A **multiplier** in mechanics is a gearbox with a gear ratio of less than 1 - designed to transmit torque with increasing rotation at the output shaft, while reducing torque. An example of a multiplier is an ordinary bicycle, where one revolution of the sprocket with pedals corresponds to several turns of the driven wheel.

According to the number of nodes, the multipliers are divided into one-stage and multi-stage. Torque transmission is by chain, belt or gear. An important characteristic of the multiplier is the multiplication factor.

**Multiplication factor, **$\mathit{i}$ – is the ratio of the angular velocity of rotation of the input (primary) shaft ${\mathit{\omega}}_{\mathit{1}}$ to the angular velocity of rotation of the output (secondary) shaft ${\mathit{\omega}}_{\mathit{2}}$:

$\mathit{i}\mathit{=}\frac{{\mathit{\omega}}_{\mathit{1}}}{{\mathit{\omega}}_{\mathit{2}}}$

All ratios in the multiplier are determined by this factor, taking into account, of course, the losses of the multiplier.

Another not unimportant multiplier parameter is torque $\mathit{M}$, which he is able to convey and not break. It should not be forgotten that as the speed rises, the torque drops. So in order to save the required torque on the load, the primary shaft must be fed torque to $\mathit{i}$ times more than you need to get. Knowing the multiplication factor and the efficiency of the selected transmission type, you can calculate all the necessary parameters of a given device.

For example, we have a source of mechanical energy of sufficient power, which develops 500 rpm, and an electric generator with a power of 500 W (Data abstract). The task is to determine the multiplier parameters.

Choose the type of transmission belt, with a V-belt, its efficiency is 0.96 (the efficiency of the bearings used will not be considered). Next, let's define the generator. In most cases, the power generators are designed in such a way that the rated power is reached at 1500 rpm.

Determine the required multiplication factor. Because the angular velocity $\mathit{\omega}$, is defined as

$\mathit{\omega}\mathit{=}\mathit{n}\mathit{\xb7}\frac{\mathit{2}\mathit{\pi}}{\mathit{60}}$

where $\mathit{n}$ – the number of revolutions per minute, the coefficient of recovery can be defined as the ratio of revolutions of the leading and driven pulleys:

$\mathit{i}\mathit{=}\frac{{\mathit{n}}_{\mathit{1}}}{{\mathit{n}}_{\mathit{2}}}\mathit{=}\frac{\mathit{500}}{\mathit{1500}}\mathit{=}\frac{\mathit{1}}{\mathit{3}}\mathit{=}\mathit{0}\mathit{.}\mathit{3}$

Further, it is logical that the speed of movement of the belt on both pulleys is the same, because of its linear speed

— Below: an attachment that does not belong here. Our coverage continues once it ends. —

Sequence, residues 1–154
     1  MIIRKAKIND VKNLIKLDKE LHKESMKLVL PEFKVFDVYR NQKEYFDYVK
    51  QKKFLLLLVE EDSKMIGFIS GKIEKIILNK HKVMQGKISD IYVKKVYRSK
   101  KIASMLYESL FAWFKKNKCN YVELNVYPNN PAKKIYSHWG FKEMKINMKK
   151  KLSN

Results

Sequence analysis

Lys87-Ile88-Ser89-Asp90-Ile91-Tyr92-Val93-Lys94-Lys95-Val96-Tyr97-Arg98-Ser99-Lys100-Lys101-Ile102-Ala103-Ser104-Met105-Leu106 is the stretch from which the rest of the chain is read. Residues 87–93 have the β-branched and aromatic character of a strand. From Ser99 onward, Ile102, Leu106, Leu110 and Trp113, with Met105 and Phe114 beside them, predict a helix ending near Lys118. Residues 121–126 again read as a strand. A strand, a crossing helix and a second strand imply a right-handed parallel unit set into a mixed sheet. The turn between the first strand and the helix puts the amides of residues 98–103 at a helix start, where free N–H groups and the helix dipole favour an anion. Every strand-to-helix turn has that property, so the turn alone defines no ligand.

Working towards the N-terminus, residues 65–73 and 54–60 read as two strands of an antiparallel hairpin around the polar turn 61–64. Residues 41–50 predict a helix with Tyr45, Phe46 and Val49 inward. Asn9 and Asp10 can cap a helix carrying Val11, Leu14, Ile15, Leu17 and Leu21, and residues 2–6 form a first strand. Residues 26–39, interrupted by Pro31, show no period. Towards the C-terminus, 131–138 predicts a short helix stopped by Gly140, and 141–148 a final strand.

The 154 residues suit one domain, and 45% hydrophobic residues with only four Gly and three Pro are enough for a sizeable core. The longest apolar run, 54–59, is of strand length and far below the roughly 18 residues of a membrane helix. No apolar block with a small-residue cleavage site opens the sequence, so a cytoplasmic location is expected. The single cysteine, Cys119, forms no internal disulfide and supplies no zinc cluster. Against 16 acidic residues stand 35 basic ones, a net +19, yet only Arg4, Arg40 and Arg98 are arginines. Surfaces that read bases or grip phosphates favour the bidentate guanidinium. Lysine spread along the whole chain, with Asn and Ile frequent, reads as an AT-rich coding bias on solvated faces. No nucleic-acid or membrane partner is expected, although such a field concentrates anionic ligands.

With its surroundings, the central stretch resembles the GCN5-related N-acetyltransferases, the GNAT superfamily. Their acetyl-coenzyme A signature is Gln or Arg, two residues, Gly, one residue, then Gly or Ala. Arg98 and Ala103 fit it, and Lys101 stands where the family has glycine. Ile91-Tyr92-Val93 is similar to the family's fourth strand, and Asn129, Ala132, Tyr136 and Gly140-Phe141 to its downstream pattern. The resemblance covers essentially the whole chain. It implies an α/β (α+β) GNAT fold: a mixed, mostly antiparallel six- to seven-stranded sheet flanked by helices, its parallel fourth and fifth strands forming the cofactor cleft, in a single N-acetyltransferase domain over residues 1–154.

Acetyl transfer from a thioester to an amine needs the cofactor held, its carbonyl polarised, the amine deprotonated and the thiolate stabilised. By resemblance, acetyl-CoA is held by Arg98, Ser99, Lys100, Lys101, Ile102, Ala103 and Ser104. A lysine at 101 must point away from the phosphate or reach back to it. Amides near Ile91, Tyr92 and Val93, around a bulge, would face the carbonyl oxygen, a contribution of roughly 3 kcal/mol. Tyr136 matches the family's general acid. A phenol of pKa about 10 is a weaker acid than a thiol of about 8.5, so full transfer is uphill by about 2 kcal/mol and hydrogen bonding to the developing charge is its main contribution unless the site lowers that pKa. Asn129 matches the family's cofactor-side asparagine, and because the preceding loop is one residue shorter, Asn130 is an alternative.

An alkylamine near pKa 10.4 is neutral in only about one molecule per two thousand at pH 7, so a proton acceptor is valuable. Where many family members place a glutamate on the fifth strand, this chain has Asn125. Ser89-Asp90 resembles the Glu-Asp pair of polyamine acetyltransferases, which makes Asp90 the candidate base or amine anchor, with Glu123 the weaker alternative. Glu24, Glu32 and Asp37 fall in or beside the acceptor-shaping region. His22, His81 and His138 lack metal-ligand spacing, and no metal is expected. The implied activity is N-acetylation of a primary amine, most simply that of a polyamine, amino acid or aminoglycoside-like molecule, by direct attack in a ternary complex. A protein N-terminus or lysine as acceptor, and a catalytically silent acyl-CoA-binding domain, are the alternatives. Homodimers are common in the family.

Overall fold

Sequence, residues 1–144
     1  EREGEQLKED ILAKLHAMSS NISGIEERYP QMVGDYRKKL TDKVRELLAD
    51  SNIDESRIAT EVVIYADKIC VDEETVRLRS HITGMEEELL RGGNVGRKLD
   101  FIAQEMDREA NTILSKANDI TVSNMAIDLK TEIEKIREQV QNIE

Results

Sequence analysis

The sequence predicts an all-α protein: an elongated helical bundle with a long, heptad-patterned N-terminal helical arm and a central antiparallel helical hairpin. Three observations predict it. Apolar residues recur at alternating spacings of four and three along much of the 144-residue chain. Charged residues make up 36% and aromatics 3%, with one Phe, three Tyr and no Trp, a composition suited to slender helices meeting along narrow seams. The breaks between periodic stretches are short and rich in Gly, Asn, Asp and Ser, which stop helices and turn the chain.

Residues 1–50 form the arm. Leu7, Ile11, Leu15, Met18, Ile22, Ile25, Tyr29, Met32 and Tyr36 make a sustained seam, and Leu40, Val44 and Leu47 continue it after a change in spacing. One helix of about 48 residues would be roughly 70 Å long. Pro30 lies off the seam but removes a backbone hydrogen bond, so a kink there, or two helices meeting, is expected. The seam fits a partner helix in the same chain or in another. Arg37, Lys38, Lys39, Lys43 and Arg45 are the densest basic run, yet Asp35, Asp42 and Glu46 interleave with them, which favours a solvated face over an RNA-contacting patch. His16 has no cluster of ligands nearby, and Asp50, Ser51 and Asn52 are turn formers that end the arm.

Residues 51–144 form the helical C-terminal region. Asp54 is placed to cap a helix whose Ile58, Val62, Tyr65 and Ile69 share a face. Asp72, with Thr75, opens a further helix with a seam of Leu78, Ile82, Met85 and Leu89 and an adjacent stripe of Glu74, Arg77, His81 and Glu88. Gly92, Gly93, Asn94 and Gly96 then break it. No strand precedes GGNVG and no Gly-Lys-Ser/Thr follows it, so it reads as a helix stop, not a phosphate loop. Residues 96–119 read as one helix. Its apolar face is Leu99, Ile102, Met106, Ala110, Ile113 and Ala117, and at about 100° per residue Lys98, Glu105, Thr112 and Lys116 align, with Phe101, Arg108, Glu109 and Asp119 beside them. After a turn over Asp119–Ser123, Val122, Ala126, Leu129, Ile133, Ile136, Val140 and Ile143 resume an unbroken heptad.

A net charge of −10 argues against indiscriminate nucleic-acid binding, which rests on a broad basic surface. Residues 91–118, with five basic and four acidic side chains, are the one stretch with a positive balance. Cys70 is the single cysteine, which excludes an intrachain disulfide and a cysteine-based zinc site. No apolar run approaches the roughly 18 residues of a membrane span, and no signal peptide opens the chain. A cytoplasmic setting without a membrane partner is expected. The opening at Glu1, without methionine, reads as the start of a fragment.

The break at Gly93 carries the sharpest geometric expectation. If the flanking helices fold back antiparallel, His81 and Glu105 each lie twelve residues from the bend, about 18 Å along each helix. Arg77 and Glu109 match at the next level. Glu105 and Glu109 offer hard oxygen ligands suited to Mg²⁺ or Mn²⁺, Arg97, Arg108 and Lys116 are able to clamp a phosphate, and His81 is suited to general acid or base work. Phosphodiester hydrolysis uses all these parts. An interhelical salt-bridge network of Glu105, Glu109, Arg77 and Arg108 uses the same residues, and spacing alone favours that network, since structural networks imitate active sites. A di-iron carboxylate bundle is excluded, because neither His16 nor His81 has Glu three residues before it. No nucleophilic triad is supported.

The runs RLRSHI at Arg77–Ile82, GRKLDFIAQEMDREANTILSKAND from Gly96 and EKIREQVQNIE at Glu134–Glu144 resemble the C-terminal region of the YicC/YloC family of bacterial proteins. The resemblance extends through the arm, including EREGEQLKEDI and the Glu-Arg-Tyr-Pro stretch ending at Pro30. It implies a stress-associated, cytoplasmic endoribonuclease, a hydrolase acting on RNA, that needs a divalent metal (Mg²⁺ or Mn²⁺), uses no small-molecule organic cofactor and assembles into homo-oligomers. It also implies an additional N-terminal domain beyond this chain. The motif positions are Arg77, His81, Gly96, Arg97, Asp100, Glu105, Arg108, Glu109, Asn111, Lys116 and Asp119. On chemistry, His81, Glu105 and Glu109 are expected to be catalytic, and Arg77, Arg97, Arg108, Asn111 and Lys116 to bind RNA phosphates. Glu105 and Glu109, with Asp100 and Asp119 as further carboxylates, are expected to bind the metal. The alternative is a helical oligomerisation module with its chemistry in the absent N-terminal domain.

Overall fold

$\mathit{v}\mathit{=}\mathit{\omega}\mathit{\xb7}\mathit{R}$

determine the ratio of the radii of the pulleys:

${\mathit{R}}_{\mathit{1}}\mathit{=}\frac{{\mathit{R}}_{\mathit{2}}}{\mathit{i}}$

We find the power consumed by the generator to drive the generator from the ratio.

${\mathit{N}}_{\mathit{1}}\mathit{=}\frac{{\mathit{N}}_{\mathit{2}}}{\mathit{\eta}}\mathit{=}\frac{\mathit{500}}{\mathit{0}\mathit{.}\mathit{96}}\mathit{=}\mathit{521}\mathit{}\mathit{W}$

The torque on the primary shaft of the multiplier will be found through the power:

$\mathit{N}\mathit{=}\frac{\mathit{M}\mathit{\xb7}\mathit{n}}{\mathit{9}\mathit{.}\mathit{55}}$

where 9,55 – some coefficient, conversion from rad/s to rpm. From here

${\mathit{M}}_{\mathit{1}}\mathit{=}\frac{\mathit{9}\mathit{.}\mathit{55}\mathit{\xb7}{\mathit{N}}_{\mathit{1}}}{{\mathit{n}}_{\mathit{1}}}\mathit{=}\frac{\mathit{9}\mathit{.}\mathit{55}\mathit{\xb7}\mathit{521}}{\mathit{500}}\mathit{=}\mathit{10}\mathit{}\mathit{\u041d}\mathit{\xb7}\mathit{\u043c}$

With that, the torque on the generator shaft will be:

${\mathit{M}}_{\mathit{2}}\mathit{=}\frac{\mathit{9}\mathit{.}\mathit{55}\mathit{\xb7}{\mathit{N}}_{\mathit{2}}}{{\mathit{n}}_{\mathit{2}}}\mathit{=}\frac{\mathit{9}\mathit{.}\mathit{55}\mathit{\xb7}\mathit{500}}{\mathit{1500}}\mathit{=}\mathit{3}\mathit{\u041d}\mathit{\xb7}\mathit{\u043c}$

As we can see, the moment on the drive shaft is better known as many times as it is less than its speed. If we express through the coefficient of recovery then we get:

${\mathit{M}}_{\mathit{1}}\mathit{=}\frac{{\mathit{M}}_{\mathit{2}}}{\mathit{i}}\mathit{=}\frac{\mathit{3}}{\mathit{0}\mathit{.}\mathit{3}}\mathit{=}\mathit{10}\mathit{}\mathit{\u041d}\mathit{\xb7}\mathit{\u043c}$